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Stewardship & Conservation

Since our founding, the Catskill 3500 Club has dedicated itself to the preservation of the mountains in our region – be they maintained trails, unmaintained paths, or the sensitive trail-less areas. Our commitment extends to the present and echoes into the future, ensuring that these natural wonders are safeguarded for generations to come. The core mission of our organization revolves around responsible stewardship, acknowledging the importance of nurturing and preserving these mountains for the well-being of our environment and the enjoyment of all.

Keeping this in perspective, we strongly encourage both members and non-members to adhere to the regulations, guidelines, and recommendations outlined below. This collective effort aims to maintain the mountains in their most natural state possible, prioritizing their conservation, and fostering a safe environment for all hikers who explore and utilize these trails.

Follow the NYDEC Rules


Keep group sizes within legal limits; max 20 hikers on marked trails and 12 hikers off-trail.
Note: The maximum group size for official club hikes is 12, however hike leaders may limit the group size to less at their discretion. During fledgling season, the club has restricted certain hikes to no more than 8 in a group.


No fires above 3500'.


No camping above 3500 feet except in winter.


No camping within 150 feet of a trail, road or water source.


No cutting, cairn building, blazing, trail building or otherwise marking paths otherwise.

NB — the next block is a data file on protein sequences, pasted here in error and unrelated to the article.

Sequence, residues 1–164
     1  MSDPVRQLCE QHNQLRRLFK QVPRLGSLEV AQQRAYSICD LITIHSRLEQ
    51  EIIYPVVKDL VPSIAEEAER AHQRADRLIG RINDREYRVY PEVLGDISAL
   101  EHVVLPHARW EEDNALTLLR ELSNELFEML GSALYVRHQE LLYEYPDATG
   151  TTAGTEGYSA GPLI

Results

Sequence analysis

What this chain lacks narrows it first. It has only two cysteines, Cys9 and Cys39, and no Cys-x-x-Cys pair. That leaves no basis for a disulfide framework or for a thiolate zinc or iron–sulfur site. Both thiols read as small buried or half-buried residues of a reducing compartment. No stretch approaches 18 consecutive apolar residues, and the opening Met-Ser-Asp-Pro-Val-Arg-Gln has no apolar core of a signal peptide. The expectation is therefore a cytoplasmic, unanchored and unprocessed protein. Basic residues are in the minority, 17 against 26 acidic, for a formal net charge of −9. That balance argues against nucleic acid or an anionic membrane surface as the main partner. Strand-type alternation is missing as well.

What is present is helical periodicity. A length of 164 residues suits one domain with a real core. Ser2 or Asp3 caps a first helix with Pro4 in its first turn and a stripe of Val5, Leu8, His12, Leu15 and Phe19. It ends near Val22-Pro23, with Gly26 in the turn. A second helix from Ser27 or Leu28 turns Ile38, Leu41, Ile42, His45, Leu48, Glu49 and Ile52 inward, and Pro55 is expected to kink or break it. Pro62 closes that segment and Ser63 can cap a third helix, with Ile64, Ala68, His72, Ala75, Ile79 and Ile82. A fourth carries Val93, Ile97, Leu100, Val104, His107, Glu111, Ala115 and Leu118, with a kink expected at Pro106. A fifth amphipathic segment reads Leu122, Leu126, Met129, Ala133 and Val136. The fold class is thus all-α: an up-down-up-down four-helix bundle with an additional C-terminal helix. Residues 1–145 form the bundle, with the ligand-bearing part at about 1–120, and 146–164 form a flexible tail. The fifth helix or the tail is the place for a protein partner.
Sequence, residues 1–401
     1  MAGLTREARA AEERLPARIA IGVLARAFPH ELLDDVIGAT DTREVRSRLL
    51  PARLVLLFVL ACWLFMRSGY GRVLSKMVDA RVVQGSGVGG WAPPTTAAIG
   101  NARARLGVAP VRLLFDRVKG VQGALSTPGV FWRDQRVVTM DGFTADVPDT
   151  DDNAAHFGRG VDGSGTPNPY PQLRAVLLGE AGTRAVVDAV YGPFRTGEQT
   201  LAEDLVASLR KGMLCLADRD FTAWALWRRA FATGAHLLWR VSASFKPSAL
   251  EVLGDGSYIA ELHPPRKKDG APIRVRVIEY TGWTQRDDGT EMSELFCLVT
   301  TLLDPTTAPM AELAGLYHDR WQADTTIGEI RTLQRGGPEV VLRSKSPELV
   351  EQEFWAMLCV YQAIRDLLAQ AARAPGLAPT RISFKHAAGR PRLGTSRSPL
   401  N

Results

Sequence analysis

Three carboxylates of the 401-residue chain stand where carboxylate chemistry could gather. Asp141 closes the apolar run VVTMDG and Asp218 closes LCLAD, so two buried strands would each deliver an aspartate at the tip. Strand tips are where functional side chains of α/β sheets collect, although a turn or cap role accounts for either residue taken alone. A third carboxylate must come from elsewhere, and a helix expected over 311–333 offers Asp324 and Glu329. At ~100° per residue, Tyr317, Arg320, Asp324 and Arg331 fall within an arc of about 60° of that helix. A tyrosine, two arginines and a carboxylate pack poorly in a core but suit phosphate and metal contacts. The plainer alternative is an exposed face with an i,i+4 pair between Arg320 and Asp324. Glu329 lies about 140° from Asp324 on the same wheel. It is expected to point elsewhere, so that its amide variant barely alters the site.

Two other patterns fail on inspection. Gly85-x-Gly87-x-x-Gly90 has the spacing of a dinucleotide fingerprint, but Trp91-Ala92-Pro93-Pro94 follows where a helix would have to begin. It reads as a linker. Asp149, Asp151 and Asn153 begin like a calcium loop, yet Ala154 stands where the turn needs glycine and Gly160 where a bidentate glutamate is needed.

Respect private property.


Obey Leave No Trace: pack it in, pack it out and don’t leave anything behind.


Take only pictures: don’t cut, dig or harvest anything from the forest. Leave it there for others to enjoy.


Harvesting certain species removes them from doing their job in maintaining the health of soils, trees, wildlife that depend on them.


Step well off the trail 150 feet and bury human waste.


When in doubt, contact the NYDEC Rangers 1 833-367 7264. As Stewards of the Catskills, we are the eyes and ears for the Rangers. If you see something that appears wrong, please appropriately report it. Your help could prevent further damage or harm to the environment.

Use a Map & Compass

Numerous high peaks in the Catskills are trailless. Exploring these hidden gems and the untamed wilderness that surrounds them demands expertise, yet the rewards are gratifying. Safely navigating through trailless terrain is both a source of delight and notable achievement. However, relying solely on GPS units can present its own set of challenges. Whether due to battery depletion, satellite connectivity issues, or device malfunctions, the reliability of GPS technology can be compromised. Efficient navigation with a map and compass also reduces new herd path formation.

Other Recommendations

The Club’s Stewardship Committee has several suggestions which are not rules or regulations, but guidelines we suggest you follow. These recommendations stem from our own observations and findings from scientists who study the mountains, particularly in the boreal/fir/spruce zones.

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